Michigan harbor in danger of closing
Traverse City — Leland Harbor could eventually close for good unless officials scrape together enough money to dredge its sand-choked entrance.
The Leland Township Harbor Commission’s tight budget and limited federal funding over the past several years has stalled dredging efforts for the harbor in Traverse City, which is a refuge for Lake Michigan boaters in distress and houses fishing boats and ferries.
The harbor was last dredged in 2014, the Traverse City Record-Eagle reported. At that time, the Leland Harbor received $260,000 in dredging aid from the U.S. Army Corps of Engineers.
Sand continues to pile onto the lake bed and has essentially blocked passage by cutting the channel to less than 6 feet deep.
Harbormaster Russell Dzuba said he closed off the harbor after a recent storm and that it will stay closed in the spring.
Dzuba said annual dredging would cost about $200,000, and it seems unlikely the harbor will receive federal or state assistance from Michigan.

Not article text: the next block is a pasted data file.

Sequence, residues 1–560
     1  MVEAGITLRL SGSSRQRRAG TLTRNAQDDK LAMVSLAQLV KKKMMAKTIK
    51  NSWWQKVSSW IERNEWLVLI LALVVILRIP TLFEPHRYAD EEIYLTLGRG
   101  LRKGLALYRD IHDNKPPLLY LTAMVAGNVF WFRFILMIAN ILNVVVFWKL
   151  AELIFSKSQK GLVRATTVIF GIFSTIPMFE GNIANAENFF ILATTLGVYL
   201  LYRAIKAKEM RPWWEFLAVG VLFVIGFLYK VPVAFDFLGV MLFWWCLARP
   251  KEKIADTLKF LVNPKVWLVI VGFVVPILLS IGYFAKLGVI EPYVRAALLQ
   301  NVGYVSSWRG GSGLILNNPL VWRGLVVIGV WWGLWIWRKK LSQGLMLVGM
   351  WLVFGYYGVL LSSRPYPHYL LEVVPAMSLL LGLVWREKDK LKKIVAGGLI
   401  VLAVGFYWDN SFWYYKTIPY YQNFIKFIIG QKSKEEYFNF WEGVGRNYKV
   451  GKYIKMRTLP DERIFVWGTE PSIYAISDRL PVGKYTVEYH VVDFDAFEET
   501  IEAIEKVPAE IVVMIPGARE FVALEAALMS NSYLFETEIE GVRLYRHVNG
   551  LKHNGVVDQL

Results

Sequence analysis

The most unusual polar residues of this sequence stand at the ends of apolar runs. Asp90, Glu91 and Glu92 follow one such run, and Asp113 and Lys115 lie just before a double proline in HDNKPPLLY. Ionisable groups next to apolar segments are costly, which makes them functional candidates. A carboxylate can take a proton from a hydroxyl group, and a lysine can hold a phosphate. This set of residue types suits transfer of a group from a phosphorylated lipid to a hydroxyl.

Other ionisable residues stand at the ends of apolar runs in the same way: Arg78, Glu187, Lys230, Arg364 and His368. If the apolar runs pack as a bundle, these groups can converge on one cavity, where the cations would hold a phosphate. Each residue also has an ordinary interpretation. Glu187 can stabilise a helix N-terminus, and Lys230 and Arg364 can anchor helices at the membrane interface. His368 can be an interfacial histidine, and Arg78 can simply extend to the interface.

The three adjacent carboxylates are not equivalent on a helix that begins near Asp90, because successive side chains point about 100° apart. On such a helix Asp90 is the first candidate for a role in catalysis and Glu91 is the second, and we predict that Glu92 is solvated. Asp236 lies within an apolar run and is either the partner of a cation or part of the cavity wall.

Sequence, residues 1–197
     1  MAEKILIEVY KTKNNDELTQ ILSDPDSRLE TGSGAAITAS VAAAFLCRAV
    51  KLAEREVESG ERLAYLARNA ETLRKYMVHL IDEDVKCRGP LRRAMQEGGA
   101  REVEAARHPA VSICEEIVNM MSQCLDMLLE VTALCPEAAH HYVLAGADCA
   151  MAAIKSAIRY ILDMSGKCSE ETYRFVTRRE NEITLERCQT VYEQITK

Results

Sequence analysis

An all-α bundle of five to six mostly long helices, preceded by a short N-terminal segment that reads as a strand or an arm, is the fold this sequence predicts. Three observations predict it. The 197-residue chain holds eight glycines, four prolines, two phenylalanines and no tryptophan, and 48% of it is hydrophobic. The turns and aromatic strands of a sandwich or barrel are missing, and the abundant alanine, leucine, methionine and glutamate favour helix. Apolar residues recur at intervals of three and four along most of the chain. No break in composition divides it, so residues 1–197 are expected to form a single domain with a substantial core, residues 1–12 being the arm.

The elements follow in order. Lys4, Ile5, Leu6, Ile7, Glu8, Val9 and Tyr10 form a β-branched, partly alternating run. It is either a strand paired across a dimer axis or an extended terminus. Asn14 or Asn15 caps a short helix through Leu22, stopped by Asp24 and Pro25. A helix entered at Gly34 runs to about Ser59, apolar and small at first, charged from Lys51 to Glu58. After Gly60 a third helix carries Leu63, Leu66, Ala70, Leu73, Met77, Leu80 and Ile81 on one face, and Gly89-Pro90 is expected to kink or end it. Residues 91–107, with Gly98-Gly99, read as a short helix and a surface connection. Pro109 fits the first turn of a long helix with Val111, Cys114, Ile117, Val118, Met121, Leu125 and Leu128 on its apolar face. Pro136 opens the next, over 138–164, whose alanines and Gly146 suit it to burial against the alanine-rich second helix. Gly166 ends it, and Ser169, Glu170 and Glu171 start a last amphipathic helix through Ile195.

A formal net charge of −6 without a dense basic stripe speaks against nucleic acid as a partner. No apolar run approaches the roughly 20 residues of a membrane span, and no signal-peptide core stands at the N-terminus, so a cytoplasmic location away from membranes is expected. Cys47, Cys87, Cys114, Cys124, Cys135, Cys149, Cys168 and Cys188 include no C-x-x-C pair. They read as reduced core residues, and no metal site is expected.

Harbor commissioners are hoping to raise about $200,000 to help contribute toward purchasing a $500,000 dredging boat. By having the boat, the harbor would no longer need to look for outside assistance. Leland Township Supervisor Susan Och said about $368,000 has already been secured.
Many harbors across Michigan were scraping for money to dredge a few years ago when water levels in the Great Lakes were among the lowest ever recorded. Lake levels have rebounded during the past couple of years, but there remain harbors like in Traverse City was dredging is still needed.
In 2014, Dzuba told The Detroit News why dredging the Leland Harbor is so important: “If there’s even a chance people will scrape the bottom, they’ll pass us by.”
While there’s been wide support for the dredging boat in Leland, Dzuba has expressed concern for the harbor commission’s budget after operating, maintenance and staffing costs. Despite the financial worry, the harbormaster still supports the idea.
“The harbor itself brings a lot of people in and lot of dollars into the community,” Och said. “If you look at any Pure Michigan literature, they love Fishtown.”
The Detroit News contributed.